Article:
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Thoughts on the Elections

Four years ago, I wrote: “Donald Trump will be our president. He is our nation’s choice. That does not mean we must remain silent—when we disagree. That also does not mean that we can say he is not my president if I did not vote for him. To respect our nation’s institutions means that we must accept the decision of our fellow Americans, even, or perhaps most especially when it is different than our own. I will not scream that the election results are unjust.”

Likewise, Americans should join me in saying, congratulations to President Elect Biden and Vice President Elect Harris. And in addition, we should offer thanks to President Trump and Vice President Pence. That is how we move forward. That is how we leave this increasingly dangerous hyper-partisanship behind us.

I acknowledge that some are happy and feeling vindicated by these election results and others are saddened and feeling robbed. My goal remains how best to move past the contentiousness and become more unified. (Read Friday evening’s sermon about my worries that we might tear ourselves apart if we continue to attack each other and forget how the system works, “Beware of Bringing the House Down.”)

I have come to understand that our democracy is far more fragile than I ever realized. I never knew how much it hinges on convention and character. There are no laws demanding that a sitting president concedes and pledges to work on a smooth transition.

What a missed leadership opportunity to echo Senator John McCain’s sentiment from twelve years ago when he spoke about the significance Barack Obama’s election had for African-Americans and when he silenced those who booed the president elect’s name. Imagine how faith and hope could be restored not just for 75 million voters but for Democrats and Republicans alike if President Trump would say, “This is an historic election, and I recognize the special significance it has for women and for the special pride that must be theirs tonight.” A woman has become Vice-President Elect! Then the tears of joy, and sense of pride, could be all of ours to share.

There are as well no rules insisting that an election’s victor offers thanks and praise to his predecessor. As much as Democrats might find the latter distasteful and Republicans the former egregious, our combined trust in America’s democratic institutions turns on these very customs and traits. No laws can serve as substitutes for character. Without this our faith is eroded.

Let me also say loudly and clearly that there is no such thing as an illegal vote in a democracy. There may be invalid votes but not illegal ones. The difference is crucial. The term illegal implies that the person does not have the right to vote. Invalid, however, suggests that there was something technically deficient in a voter’s ballot. Moreover, the outcome will not change no matter how many times we count the tallies. This is not a mere 500 vote difference as it was in 2000. The difference in Georgia, for example, is approximately 10,000 votes.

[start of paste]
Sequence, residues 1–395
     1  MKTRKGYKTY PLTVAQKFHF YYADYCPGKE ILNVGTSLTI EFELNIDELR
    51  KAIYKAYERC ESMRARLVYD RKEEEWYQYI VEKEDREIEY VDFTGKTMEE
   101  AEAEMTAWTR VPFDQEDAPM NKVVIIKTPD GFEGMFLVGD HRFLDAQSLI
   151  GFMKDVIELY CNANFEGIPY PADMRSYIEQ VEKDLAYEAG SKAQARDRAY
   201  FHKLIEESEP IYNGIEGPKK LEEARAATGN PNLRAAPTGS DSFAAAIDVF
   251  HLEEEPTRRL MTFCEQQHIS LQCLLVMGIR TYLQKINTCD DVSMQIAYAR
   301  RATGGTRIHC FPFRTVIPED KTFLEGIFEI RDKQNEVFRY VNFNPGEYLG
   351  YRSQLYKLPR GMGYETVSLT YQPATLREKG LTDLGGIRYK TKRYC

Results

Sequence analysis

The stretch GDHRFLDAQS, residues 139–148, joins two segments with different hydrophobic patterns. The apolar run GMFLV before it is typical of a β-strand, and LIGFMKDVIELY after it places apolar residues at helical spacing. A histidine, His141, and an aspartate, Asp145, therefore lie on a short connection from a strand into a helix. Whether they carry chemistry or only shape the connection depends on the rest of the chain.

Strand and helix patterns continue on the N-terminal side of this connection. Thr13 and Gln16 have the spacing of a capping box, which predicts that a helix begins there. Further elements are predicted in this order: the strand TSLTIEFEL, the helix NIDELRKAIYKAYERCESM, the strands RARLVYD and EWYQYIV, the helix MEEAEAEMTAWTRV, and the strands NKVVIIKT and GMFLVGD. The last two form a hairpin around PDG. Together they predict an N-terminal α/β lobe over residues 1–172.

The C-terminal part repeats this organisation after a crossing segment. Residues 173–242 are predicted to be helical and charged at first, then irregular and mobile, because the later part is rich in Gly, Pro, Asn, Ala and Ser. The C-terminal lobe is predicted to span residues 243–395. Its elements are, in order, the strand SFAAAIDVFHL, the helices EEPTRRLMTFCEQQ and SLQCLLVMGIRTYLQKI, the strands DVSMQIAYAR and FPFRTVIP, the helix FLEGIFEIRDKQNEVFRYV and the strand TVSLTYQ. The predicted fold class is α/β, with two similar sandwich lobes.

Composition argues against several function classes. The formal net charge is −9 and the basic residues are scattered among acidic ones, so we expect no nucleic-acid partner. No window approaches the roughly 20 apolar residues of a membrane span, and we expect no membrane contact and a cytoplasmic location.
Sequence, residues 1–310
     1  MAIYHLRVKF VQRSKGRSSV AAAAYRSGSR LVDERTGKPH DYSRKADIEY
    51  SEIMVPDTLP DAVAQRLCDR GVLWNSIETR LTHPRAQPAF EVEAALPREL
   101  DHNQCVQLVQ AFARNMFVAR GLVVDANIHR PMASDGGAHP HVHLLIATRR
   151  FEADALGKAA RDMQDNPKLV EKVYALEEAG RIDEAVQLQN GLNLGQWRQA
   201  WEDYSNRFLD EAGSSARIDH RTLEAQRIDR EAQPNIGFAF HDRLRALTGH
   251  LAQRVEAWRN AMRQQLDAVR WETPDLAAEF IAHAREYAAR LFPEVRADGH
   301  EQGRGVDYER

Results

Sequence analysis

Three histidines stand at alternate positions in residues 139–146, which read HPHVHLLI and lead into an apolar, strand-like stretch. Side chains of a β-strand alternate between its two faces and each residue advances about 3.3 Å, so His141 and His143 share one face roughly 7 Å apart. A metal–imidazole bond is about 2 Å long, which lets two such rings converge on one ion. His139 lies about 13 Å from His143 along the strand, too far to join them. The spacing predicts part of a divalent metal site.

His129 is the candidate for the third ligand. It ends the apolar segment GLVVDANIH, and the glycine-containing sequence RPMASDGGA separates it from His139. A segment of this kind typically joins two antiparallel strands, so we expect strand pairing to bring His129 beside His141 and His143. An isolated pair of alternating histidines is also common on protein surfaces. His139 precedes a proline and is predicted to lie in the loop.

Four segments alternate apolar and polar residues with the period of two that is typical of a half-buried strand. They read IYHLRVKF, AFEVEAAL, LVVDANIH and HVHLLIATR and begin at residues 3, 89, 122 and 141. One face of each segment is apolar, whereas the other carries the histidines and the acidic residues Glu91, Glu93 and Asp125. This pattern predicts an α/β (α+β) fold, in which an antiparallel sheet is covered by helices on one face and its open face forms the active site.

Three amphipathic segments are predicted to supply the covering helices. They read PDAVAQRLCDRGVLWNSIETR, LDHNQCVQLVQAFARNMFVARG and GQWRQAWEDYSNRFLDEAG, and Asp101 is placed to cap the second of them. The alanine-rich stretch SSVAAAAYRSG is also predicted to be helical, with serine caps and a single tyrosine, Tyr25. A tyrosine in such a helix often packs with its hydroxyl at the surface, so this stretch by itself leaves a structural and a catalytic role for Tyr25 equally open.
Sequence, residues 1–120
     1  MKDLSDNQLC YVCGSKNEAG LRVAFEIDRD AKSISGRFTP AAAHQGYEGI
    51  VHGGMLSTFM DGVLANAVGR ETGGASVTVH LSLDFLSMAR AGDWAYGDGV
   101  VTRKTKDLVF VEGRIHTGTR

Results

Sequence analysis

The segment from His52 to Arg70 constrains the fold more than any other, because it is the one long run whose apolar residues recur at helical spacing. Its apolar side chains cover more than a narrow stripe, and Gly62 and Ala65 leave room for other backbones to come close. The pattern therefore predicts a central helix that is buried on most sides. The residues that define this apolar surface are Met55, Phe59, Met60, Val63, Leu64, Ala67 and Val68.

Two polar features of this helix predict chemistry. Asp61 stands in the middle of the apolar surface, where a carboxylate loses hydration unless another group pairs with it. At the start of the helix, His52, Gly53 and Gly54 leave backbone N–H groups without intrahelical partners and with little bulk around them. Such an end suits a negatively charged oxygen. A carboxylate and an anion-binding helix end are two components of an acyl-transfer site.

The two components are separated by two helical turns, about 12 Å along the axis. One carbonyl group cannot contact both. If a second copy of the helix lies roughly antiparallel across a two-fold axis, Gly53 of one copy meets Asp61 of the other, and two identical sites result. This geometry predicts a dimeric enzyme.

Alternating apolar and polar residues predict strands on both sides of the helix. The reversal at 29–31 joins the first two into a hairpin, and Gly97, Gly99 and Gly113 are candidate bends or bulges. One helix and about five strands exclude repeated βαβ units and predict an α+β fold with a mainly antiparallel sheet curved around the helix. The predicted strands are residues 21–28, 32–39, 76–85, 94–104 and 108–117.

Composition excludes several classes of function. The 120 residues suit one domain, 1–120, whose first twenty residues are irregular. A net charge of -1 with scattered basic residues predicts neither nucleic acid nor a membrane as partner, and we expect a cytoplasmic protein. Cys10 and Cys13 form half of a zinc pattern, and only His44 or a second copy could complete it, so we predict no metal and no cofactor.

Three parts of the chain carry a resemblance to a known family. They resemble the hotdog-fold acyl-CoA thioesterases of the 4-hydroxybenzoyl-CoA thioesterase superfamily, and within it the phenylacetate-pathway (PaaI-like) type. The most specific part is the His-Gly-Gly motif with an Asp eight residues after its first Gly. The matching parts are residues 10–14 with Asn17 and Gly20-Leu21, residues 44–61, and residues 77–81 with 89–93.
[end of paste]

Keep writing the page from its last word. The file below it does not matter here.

I did not argue against the election’s results four years ago despite the fact that I may have been angered by the discrepancy between the popular vote and the electoral college results. Four years ago, I argued that Democrats should refer to Donald Trump as our president. Now Republicans should and must do the same—for the sake of a unified country. Soon Joseph Biden will likewise be our president. To nurse a loss or gloat about a victory does not serve our nation. Have faith in those who worked, and in some cases volunteered, at polling stations, spending countless hours ushering us into voting booths and then tabulating these results. Every vote is precious, and every person counts the same. Embrace our system, however flawed and imperfect it is.

So, I remain grateful to President Trump for helping to make peace in the Middle East and for firing up the electorate, most especially our youth. Look at how many millions more voted in this election—and during a pandemic no less. Because of Donald Trump’s 2016 success few will argue that elections don’t matter or that people can rest easy, not get involved and not cast their vote. In addition, Trump won more votes in 2020 than Clinton in 2016. Nearly 10% more eligible voters voted in this election than in 2016. That is cause for celebration in a democracy. That is something in which every American can, and should, take pride.

I wish the system of voting and counting was the same throughout the country, but it is not. How each state’s residents vote and how their officials count is a patchwork of cumbersome laws, but this remains our system. Four years ago, I urged Democrats not to talk about the popular vote or even Russian interference. This year I exhort Republicans not to talk about illegal votes or a stolen election. Work to better the system not to disenfranchise voters. Focus on the 2024 elections. Start organizing now. That’s what the system is about. This is what makes America a thriving democracy.

I pray for a peaceful transition. I pray that President Elect Biden and Vice President Elect Harris will realize their promise of serving our entire nation.

I continue to pray for the day when Democrats and Republicans will unite in common purpose and service to our nation despite never resolving their ideological differences. Remain loyal to these philosophies. Compromise on policies.

I choose unity over divisiveness. I choose our nation over political affiliation.